Book: The Chronicles of Dan Lee O’Brien
Author: David Jordan
Genre: Fantasy, Mythology, Fiction
Published: 2016, Paragon Publishing
These stories put Irish mythology into a modern context by following the adventures of anti-hero, Dan Lee O’Brien, a pipe smoking, trench coat wearing, bike riding magician and investigator of the supernatural. An older, more laid back John Constantine, Dan Lee is the man for all things strange and Otherworldly.
This book was given to me by the author in exchange for an honest review.
So something I really don’t enjoy: when people compare X book to Y book, like when a new children’s fantasy book debuts and someone calls it ‘the next Harry Potter‘ or when someone reads a dystopian YA and claims it to be a copycat of The Hunger Games.
But that said, nothing is ever created or consumed in a vacuum, and so I wasn’t surprised when this book reminded me of a few others I’ve read, in the best ways.
It’s like James Joyce’s The Dubliners meets Neil Gaiman’s American Gods. The simple yet clever (short) stories in this book all have one thing in common: Dan Lee O’Brien; a complex anti-hero who constantly finds himself drawn into magical and mythological situations.
He guides the plot, making subtle but powerful insights that made the stories stick in my mind for days afterward, very similarly to how a Steinbeck story will stay with you days, weeks, or even years after you’ve read it.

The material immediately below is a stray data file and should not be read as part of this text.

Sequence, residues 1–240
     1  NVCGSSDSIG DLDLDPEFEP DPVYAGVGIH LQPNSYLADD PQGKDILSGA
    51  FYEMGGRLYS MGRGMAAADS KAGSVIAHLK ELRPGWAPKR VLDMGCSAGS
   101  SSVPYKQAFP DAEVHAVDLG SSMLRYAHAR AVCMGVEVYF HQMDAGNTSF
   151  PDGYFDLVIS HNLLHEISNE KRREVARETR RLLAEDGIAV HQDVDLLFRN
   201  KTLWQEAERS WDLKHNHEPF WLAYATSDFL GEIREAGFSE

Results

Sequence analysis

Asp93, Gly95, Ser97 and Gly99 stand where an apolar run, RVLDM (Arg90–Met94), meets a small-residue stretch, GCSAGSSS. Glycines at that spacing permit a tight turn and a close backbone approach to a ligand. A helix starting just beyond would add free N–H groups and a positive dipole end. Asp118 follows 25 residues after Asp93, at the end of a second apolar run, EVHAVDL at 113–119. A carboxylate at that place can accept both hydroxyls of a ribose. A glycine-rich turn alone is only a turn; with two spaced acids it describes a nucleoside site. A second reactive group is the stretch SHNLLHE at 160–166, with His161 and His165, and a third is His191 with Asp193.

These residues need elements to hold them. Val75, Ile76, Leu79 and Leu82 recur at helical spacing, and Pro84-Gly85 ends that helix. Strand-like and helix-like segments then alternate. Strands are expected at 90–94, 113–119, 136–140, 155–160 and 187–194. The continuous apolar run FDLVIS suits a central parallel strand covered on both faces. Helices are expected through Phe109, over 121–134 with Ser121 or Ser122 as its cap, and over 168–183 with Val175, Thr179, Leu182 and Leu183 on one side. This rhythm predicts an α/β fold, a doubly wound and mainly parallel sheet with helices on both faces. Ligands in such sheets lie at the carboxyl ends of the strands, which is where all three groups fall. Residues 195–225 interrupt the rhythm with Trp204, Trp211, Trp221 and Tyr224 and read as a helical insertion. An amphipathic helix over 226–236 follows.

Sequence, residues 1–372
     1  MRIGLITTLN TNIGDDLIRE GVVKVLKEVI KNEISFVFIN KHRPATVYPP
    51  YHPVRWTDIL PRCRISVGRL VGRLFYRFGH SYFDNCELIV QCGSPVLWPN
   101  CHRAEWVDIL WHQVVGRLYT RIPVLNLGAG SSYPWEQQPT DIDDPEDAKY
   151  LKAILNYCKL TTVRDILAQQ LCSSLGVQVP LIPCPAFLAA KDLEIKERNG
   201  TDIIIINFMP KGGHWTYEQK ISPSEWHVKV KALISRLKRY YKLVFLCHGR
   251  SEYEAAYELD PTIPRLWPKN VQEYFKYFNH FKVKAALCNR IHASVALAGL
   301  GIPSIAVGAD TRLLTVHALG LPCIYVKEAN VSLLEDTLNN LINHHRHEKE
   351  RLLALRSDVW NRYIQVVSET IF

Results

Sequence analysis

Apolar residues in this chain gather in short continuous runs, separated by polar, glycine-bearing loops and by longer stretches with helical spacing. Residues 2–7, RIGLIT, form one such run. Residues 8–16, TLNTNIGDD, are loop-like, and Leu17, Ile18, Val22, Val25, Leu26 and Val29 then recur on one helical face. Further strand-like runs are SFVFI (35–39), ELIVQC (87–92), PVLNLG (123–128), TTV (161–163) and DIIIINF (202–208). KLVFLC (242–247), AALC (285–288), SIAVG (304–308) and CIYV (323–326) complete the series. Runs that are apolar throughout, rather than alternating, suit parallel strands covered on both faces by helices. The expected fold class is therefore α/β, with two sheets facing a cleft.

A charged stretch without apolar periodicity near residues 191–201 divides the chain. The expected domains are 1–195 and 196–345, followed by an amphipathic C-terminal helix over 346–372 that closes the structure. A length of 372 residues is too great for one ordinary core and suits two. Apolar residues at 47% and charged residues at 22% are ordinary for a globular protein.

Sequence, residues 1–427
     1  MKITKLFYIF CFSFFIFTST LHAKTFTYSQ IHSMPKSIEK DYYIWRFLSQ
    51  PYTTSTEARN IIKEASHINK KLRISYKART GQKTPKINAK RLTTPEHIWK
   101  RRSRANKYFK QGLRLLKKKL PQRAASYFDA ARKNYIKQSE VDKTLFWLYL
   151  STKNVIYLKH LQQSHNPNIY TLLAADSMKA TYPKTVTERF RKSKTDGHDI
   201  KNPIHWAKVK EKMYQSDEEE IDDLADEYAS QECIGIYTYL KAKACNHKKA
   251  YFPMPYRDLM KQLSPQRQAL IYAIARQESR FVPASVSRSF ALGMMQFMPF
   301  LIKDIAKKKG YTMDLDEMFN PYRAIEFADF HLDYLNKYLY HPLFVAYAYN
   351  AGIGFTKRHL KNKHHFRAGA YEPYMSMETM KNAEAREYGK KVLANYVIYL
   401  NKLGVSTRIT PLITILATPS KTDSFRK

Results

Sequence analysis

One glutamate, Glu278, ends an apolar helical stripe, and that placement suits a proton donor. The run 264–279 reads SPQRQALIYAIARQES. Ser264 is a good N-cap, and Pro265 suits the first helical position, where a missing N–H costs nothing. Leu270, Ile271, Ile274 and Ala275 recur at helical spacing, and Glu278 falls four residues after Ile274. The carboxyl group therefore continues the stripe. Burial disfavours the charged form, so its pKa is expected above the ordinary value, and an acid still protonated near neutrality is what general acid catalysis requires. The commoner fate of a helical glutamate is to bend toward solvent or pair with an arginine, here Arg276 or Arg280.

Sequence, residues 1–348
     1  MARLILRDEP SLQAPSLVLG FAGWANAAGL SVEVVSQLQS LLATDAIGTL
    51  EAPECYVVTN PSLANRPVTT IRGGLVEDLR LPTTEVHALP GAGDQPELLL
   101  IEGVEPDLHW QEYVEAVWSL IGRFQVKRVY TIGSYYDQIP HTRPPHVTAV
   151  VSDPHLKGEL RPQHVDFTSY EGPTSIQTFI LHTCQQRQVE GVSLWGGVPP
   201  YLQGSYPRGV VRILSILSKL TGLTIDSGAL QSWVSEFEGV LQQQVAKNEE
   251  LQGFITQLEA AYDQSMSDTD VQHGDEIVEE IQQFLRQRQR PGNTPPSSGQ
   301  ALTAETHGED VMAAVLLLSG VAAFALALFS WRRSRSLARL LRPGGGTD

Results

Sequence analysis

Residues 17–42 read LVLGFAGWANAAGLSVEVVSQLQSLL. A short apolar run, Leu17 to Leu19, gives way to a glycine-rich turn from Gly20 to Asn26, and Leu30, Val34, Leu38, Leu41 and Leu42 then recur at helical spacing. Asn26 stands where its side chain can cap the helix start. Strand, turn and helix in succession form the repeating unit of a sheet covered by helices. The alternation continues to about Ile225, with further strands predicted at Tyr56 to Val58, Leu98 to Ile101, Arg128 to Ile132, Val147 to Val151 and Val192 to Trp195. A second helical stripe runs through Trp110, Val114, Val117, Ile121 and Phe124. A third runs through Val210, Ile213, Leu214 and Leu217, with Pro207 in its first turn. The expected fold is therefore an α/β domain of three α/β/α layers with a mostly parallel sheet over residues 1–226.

The creativity in this book is also admirable, and it’s clear that Jordan put a lot of effort into building this strange and wonderful world, weaving magic and mythology together in a way that seems seamless. *nervous laughter at unintentional wordplay*
I also really loved the concept of modernizing mythology, which I think is why it reminded me of American Gods!
One thing that I found a bit lacking was the writing, though. It was more tell than show, and there were times when it felt like the characters were directly explaining things that could have been revealed more subtly through the prose.
That said, overall this book is an entertaining, engaging read that will probably teach you a thing or two about Irish mythology, with stories that you’ll find yourself falling into like Alice into Wonderland.